Spatial classification of moisture-sensitive pine and larch tree-ring chronologies within Khakass–Minusinsk Depression, South Siberia
AffiliationLaboratory of Tree-Ring Research, University of Arizona
Spatial cluster analysis
MetadataShow full item record
PublisherSpringer Science and Business Media LLC
CitationBelokopytova, L. V., Meko, D. M., Zhirnova, D. F., Babushkina, E. A., & Vaganov, E. A. (2021). Spatial classification of moisture-sensitive pine and larch tree-ring chronologies within Khakass–Minusinsk Depression, South Siberia. Trees - Structure and Function.
JournalTrees - Structure and Function
Rights© The Author(s), under exclusive licence to Springer-Verlag GmbH Germany, part of Springer Nature 2021.
Collection InformationThis item from the UA Faculty Publications collection is made available by the University of Arizona with support from the University of Arizona Libraries. If you have questions, please contact us at firstname.lastname@example.org.
AbstractKey message: Growth patterns of Scots pine and Siberian larch under water deficit across an intermontane valley in South Siberia depend not only on landscape physiography but on species-specific climatic sensitivity and phenology. Abstract: The wide intermountain Khakass–Minusinsk Depression (KhMD) in southern Siberia presents an ideal setting for studying the potential impacts of a warming climate on forest ecosystems. The Centre of Continental Asia has one of the most intense rates of warming in the Northern Hemisphere, and the KhMD has multiple tree species of proven dendroclimatic value growing in drought-stressed environments. Investigation was aimed at spatial patterns of tree growth and its climate response across the KhMD for two main conifer species of moisture-deficient habitats, Scots pine (Pinus sylvestris L.) and Siberian larch (Larix sibirica Ledeb.). Correlation and cluster analysis were applied to a recently developed network of 15 tree-ring chronologies. Hierarchical classifications were based on the inter-chronology correlation matrix and on correlations of chronologies with monthly climate variables. Results underscore the general influence of hot-dry conditions on reducing growth and suggest a spatial grouping of chronologies governed by physiography and modified by species-dependent ecophysiological response to climate. Both applied classifications agree on the designation of geographically oriented clusters. A purely geographic grouping is broken, however, by species-specific climate dependence and phenology in deciduous Larix and evergreen Pinus. A differential ability to utilize melting snowpack in spring is advanced as a possible explanation for chronologies abandoning physiographically defined clusters. Such inter-species heterogeneity can manifest itself in the intensity of the climate change impact on vegetation, and lead to prospects of significant species composition changes in ecosystems.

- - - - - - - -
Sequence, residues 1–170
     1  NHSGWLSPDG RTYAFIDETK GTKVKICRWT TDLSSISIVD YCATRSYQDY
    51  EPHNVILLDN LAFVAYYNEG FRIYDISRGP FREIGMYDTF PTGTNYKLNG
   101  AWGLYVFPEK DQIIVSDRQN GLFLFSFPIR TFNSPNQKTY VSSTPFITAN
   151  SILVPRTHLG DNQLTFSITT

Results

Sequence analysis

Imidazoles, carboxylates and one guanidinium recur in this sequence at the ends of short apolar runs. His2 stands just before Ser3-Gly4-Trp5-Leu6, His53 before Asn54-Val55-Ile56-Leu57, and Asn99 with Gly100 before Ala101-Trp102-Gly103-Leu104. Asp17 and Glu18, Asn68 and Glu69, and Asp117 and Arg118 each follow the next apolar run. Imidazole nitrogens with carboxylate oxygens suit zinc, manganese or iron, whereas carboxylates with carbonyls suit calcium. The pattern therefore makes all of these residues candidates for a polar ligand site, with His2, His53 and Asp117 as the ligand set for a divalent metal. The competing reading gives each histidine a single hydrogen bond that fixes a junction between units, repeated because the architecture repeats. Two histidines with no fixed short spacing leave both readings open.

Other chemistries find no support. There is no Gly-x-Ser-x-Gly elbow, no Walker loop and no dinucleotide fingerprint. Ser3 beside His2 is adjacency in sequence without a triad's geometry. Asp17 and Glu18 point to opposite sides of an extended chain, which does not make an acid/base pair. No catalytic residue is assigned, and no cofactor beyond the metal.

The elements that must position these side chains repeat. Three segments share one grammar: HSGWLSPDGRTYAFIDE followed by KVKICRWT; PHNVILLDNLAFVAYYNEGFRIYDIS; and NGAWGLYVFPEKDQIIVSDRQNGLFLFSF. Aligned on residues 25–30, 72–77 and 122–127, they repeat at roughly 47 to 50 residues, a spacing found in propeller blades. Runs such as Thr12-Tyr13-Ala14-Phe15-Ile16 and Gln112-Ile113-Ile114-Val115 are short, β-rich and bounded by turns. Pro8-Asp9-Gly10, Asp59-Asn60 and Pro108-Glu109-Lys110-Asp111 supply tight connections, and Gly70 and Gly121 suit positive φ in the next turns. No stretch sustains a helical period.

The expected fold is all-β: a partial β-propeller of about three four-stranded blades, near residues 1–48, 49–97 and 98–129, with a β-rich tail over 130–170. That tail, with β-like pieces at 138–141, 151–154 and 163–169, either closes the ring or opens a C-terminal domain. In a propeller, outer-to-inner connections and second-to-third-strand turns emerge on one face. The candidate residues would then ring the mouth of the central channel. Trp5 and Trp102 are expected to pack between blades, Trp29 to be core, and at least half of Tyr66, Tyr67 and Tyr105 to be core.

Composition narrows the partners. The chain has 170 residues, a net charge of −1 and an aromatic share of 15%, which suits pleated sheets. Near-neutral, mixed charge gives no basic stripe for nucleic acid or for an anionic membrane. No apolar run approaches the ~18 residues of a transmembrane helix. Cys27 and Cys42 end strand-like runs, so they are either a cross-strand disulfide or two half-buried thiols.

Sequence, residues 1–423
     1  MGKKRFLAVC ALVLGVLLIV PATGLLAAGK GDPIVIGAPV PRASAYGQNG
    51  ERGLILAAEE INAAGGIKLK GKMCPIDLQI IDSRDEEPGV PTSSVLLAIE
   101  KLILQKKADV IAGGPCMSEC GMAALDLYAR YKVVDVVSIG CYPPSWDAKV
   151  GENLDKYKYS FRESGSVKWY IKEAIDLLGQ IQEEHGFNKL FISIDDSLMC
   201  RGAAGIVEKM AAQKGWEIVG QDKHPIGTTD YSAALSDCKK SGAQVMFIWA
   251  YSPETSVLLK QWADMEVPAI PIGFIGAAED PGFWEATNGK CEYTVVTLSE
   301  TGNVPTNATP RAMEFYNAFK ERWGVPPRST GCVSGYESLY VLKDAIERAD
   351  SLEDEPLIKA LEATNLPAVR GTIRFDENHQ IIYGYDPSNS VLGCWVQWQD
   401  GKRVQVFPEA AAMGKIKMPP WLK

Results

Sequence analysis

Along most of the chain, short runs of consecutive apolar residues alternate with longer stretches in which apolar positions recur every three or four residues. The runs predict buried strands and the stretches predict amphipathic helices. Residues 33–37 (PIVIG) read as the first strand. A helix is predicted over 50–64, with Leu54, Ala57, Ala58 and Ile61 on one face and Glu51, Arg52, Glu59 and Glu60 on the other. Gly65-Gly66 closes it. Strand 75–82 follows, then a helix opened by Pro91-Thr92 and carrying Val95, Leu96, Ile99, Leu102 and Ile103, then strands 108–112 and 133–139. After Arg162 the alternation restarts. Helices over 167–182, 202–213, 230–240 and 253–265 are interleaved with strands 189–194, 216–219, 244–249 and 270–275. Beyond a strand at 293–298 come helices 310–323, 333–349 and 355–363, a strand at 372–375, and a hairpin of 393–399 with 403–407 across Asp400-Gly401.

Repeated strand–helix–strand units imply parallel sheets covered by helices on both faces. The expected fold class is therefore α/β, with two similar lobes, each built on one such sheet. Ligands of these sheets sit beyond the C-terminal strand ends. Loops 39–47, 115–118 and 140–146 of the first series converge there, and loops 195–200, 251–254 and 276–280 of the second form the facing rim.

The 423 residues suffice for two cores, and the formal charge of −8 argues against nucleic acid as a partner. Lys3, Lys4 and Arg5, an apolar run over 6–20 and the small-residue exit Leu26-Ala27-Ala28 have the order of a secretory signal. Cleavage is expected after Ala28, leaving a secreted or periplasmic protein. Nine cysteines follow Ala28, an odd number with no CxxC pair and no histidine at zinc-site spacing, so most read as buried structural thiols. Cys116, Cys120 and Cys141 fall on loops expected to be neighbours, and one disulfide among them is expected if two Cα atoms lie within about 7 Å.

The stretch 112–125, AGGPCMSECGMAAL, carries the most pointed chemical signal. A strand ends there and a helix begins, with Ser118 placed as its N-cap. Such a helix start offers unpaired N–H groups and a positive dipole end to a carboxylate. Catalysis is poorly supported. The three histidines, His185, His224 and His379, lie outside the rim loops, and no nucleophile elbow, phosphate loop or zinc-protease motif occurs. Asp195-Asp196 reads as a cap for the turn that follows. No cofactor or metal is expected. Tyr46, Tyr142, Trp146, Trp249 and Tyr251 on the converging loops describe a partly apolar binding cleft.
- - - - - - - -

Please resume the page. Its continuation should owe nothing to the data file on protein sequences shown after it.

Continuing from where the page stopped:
Note12 month embargo; published: 12 August 2021
VersionFinal accepted manuscript
SponsorsMinistry of Science and Higher Education